A big question:
How can you become more resilient? (Part 1)*
A little idea:
The core of this little letter is a look at the concept of resilience. But what is it? And how do you get more of it?
Resilience can be a somewhat woolly concept without a consistent definition of what we mean. We’re learning more about it as it gets studied more, but we still don’t know that much about why some people collapse through difficulty and others thrive, or why it might even vary for some people over the course of their life or depending on the kind of challenge they are facing.
When I write about resilience, I think about it as more than an ability to bounce back. It’s a key skill to not only weather life’s inevitable ups and downs, but to actually grow through them.** To find meaning in them. To use them as fuel to greater strength, depth, and verve.
Because problems are relative and we’ve all got them, I see resilience as an essential life skill, not just for the moment of a disaster, but one that touches all of the important aspects of our lives in everyday ways—from self awareness, to relationships, to life purpose. (Which is why this letter somewhat varies in topic!)
Whilst we might not know much, we do know some things about how to improve your resilience.
A quick idea for this week comes from psychologist Dr. Martin Seligman, who found that one quality in people with high resilience is that they have a knack for seeing the temporariness of things. They know that whatever they’re dealing with isn’t permanent. They’re good at saying to themselves: “this too shall pass.”
This is especially pertinent for the pandemic. We’ve been dealing with an unprecedented amount of collective uncertainty and we haven’t had any sense of how long this might go on. This can make it feel like it’ll go on forever. But nothing goes on forever. Things will change, in one way or another. When you remind yourself to put things in perspective, when you accept how things are but know they will not always be this way, you can adapt better for the future.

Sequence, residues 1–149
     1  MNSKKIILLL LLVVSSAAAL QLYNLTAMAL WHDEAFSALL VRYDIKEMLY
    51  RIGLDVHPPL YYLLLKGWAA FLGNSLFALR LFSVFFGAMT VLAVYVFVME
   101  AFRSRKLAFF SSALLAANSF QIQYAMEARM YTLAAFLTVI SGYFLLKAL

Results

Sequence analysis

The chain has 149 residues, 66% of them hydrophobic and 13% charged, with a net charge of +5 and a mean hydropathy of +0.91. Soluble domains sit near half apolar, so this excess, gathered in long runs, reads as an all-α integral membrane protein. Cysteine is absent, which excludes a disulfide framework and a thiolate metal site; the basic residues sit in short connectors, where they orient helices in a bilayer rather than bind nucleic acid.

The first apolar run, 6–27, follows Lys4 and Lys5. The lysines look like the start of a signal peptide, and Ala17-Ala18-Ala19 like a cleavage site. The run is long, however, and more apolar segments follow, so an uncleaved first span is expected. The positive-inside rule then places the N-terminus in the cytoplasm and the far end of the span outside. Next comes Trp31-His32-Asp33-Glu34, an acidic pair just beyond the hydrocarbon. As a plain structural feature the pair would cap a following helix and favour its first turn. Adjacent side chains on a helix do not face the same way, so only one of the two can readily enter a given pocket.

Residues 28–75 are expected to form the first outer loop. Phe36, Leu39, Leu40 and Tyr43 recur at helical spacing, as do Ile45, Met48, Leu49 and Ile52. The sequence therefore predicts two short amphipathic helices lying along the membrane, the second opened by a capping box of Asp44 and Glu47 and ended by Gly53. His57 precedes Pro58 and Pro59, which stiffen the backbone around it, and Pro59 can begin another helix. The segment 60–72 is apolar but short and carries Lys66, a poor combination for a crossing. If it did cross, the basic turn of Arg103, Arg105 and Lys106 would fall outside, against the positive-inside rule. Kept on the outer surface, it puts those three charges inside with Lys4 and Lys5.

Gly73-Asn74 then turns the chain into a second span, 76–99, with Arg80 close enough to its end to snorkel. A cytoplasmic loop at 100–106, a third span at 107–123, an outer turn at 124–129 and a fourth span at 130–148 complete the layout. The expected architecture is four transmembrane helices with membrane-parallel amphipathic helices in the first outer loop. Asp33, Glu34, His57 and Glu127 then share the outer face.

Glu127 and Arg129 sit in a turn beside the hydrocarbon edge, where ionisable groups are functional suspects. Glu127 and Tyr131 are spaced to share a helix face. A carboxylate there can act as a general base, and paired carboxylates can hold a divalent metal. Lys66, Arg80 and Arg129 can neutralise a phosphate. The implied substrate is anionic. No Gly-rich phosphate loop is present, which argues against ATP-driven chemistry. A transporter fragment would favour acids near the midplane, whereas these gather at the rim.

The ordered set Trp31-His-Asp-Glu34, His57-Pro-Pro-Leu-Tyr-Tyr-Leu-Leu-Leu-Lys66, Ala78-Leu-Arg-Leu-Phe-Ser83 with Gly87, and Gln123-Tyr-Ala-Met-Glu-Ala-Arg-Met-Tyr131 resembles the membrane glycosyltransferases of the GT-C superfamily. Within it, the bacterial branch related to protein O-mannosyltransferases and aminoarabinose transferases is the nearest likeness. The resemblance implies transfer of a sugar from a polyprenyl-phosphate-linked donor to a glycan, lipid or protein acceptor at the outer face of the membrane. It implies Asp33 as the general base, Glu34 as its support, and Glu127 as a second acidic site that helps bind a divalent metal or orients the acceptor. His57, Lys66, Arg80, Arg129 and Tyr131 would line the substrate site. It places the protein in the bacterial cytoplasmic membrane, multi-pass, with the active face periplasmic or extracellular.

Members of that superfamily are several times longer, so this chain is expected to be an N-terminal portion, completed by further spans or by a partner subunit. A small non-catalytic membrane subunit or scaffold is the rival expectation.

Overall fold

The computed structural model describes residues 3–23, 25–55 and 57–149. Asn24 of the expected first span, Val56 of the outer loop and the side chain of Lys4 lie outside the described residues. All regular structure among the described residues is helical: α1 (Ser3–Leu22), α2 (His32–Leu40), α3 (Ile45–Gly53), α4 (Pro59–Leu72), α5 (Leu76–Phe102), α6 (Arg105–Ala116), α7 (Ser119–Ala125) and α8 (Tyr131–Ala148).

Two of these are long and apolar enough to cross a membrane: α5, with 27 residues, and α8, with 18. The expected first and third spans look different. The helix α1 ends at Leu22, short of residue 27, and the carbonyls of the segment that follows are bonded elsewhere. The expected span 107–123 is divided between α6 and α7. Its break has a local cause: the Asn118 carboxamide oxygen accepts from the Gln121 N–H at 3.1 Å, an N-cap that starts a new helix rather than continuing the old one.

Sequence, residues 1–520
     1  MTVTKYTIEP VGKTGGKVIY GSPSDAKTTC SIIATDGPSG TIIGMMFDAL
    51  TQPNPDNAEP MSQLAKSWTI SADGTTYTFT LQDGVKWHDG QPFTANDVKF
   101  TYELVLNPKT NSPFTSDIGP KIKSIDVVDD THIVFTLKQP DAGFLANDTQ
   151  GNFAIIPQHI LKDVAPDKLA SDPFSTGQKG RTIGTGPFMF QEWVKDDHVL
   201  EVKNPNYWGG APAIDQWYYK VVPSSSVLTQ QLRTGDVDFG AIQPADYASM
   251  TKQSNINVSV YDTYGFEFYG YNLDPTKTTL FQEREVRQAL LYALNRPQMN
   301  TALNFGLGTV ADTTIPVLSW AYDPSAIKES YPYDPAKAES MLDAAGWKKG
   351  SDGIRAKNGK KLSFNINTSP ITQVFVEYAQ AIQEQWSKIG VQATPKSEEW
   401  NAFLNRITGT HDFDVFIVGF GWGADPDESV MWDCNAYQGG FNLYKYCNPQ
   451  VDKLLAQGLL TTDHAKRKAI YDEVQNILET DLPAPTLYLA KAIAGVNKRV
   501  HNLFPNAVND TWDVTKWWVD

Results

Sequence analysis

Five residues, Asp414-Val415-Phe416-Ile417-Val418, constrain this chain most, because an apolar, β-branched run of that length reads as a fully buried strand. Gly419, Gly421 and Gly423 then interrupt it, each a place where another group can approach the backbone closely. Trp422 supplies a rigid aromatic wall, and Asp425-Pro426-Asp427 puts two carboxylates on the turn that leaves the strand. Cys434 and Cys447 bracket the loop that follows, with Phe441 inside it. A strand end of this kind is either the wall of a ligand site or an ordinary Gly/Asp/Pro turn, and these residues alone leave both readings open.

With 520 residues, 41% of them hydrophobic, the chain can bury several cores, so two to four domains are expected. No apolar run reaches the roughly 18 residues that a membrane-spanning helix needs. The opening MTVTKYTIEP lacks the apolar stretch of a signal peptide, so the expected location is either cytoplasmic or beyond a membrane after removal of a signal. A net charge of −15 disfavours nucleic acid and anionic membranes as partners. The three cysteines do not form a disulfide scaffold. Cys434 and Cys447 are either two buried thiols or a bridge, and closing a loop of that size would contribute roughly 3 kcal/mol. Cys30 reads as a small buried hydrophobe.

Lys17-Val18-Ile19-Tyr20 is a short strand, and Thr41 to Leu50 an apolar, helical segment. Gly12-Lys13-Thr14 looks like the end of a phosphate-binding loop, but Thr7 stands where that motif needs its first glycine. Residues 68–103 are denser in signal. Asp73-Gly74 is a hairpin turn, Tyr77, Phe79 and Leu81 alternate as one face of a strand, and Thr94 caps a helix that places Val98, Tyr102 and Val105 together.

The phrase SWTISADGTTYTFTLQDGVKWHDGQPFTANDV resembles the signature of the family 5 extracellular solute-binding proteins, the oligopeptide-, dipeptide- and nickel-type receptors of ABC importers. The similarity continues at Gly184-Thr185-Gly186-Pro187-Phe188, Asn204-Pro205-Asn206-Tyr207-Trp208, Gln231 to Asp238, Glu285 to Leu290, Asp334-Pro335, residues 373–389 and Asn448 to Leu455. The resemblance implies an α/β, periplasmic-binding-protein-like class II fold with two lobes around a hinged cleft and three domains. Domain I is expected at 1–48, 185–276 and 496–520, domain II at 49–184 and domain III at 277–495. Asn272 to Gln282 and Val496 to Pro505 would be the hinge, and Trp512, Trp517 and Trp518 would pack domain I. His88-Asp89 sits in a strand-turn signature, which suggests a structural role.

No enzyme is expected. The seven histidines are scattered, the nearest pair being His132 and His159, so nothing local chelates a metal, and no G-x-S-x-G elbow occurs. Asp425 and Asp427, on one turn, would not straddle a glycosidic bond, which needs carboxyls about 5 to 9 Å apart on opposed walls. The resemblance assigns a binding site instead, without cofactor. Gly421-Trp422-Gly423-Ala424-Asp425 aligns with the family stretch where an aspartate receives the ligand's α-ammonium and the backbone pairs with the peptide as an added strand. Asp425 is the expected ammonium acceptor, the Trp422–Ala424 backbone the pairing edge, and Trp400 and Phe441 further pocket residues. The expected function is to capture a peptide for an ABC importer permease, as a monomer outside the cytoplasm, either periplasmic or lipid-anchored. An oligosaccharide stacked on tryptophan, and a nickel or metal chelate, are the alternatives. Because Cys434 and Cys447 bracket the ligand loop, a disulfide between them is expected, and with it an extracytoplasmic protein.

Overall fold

A way to practice:
To give yourself a sense of perspective over time, write a letter to yourself, one year from now.
I did this for the first time about a year ago and used futureme.org to send it to myself. It’s a website where you can write to yourself and have it delivered to you automatically on a day and time you choose.
A funny thing happens if you set the date for your letter out by several months or a year. You forget you wrote it! It might even read as if someone else did. It’s a great perspective-taking exercise. You almost certainly won’t be the same person you were when you wrote it, which is a great reminder of just how much can change.
If you’re not sure what you might say to yourself try these prompts:
Write about how you’re feeling right now.
Write about what you feel is important in your life right now.
Write about who is important in your life.
Write about what you want to change.
Write about what you hope for yourself in the future.
When it arrives it will be a lovely reminder of where you were now.*** It might not be where you are anymore. Things that were important might no longer be. Things you hoped for yourself might have come to pass or might not have. What you want might have changed.
They say we overestimate what we can do in a short time and underestimate what changes in the long term. Try this future self letter on a regular basis as a reminder that everything changes; nothing is permanent.
A quote that says it well…
“You can cut all the flowers but you cannot keep spring from coming.”
Until next week, take care of yourself,
*Part one of… I don’t know how many. This letter isn’t a deep dive—it’s about the small ideas that add up to the big questions. We’re all awash in content these days, so I started this to send out bite-sized bits of practice you can think about during the week. If any of this resonates and you think I should keep doing these, let me know!
**And what’s great about skills is you can learn them and improve them. Resilience isn’t something you are or aren’t. It’s something you can develop and practice and it’s influenced by your environment, your resources, and your supports in ways we’ll get into in future letters.
***Where you were then? Where you are now? You get what I mean.